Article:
From colon-sparing techniques to pelvic ileal pouch: history and evolution of surgery for ulcerative colitis
Background: Since the first description of ulcerative colitis (UC) by Sir Wilkins from the London Guy’s Hospital in 1859, medical and surgical management have gradually evolved. Aims of this review are to describe the milestones and pioneers of surgery for UC, taking the readers on a journey through the steps that led to the development of restorative proctocolectomy with ileal pelvic pouch.
Methods: This is an historical, narrative review. We reviewed scientific literature and historical archives, seeking for documentation of surgery of UC. Information were integrated with our personal experience, taking into accout patients’ perspective.
Results: Different surgical approaches have been attempted over time, grounding on different concepts. As long as pathophysiology of UC has become clearer, surgeons have profoundly modified their attitudes toward this disease. Early approaches aimed at preserving organs, with “damage-control” surgery. Advances in knowledge and surgical skills led surgeons to demolitive treatments, which proved to be very effective, but with poor quality of life in most patients, especially in young, due to permanent stoma—even if continent ileostomy ameliorated patient satisfaction. On the other hand, straight ileoanal anastomosis, despite preserving trans-anal defaecation, resulted in inacceptably high bowel frequency. Restorative proctocolectomy was the turning point. By combining the concepts of disease removal, continence, and physiological evacuation, it has become the surgical treatment of choice in most UC patients.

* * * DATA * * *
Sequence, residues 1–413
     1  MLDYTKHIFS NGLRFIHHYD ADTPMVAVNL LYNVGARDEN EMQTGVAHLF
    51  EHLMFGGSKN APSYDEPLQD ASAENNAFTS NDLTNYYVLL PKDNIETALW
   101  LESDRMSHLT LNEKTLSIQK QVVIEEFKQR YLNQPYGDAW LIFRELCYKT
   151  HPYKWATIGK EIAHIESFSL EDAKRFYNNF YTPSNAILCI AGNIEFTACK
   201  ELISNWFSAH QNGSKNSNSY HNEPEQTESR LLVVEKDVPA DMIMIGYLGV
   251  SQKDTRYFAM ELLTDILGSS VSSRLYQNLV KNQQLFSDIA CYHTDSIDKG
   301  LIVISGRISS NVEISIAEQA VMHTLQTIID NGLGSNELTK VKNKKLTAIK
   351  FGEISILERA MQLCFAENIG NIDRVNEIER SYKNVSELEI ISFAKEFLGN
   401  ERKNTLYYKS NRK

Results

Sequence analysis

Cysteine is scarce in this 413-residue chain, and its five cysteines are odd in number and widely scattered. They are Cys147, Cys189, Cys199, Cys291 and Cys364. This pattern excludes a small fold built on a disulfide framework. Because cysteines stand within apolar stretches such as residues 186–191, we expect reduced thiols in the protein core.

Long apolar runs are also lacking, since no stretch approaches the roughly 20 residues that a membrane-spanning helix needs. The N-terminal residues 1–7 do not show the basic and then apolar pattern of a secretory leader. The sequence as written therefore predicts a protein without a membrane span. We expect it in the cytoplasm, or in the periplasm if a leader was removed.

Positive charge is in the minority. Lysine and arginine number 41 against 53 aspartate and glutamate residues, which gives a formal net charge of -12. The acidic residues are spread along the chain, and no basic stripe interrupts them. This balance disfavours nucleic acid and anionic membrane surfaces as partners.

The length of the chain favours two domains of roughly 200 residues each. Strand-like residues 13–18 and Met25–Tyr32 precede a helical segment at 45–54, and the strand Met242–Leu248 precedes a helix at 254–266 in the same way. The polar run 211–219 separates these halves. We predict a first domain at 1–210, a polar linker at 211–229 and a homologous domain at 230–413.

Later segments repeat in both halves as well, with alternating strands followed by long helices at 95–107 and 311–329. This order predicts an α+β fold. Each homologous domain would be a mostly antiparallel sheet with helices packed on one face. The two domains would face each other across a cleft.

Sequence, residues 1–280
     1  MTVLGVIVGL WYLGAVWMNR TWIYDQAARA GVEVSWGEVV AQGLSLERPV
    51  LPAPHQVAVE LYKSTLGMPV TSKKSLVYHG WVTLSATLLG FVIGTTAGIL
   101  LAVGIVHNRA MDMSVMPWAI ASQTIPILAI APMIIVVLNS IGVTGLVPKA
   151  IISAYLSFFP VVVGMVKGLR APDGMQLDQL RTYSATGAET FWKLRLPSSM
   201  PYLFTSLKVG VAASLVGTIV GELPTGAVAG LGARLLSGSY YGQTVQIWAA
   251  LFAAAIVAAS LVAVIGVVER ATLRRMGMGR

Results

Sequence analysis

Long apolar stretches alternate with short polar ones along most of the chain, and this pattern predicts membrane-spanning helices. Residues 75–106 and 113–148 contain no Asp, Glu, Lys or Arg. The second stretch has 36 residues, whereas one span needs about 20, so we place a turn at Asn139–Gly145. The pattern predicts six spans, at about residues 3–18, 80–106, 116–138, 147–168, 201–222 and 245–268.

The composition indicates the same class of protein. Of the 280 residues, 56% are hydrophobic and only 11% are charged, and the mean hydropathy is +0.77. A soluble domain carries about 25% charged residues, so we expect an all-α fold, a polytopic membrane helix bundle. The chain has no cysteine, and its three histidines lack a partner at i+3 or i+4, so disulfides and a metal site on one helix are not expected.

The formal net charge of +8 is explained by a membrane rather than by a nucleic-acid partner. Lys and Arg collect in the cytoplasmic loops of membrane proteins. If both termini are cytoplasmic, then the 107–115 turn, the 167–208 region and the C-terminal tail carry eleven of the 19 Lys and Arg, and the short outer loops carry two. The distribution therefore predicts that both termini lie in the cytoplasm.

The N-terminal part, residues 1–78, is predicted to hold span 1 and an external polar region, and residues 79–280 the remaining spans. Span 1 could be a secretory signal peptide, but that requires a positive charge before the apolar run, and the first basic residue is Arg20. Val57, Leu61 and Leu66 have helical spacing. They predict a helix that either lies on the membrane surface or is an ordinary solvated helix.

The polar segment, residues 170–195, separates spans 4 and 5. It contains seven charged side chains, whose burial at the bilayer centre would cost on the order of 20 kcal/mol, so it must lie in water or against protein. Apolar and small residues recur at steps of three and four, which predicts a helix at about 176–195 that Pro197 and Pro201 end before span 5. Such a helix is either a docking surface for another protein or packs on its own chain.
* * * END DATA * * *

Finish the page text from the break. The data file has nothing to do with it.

Conclusion: Choice and timing of treatment of UC need to be individualized. Besides surgical knowledge and techniques, the patient’s perspective must be examined closely. Restorative proctocolectomy is the mainstay.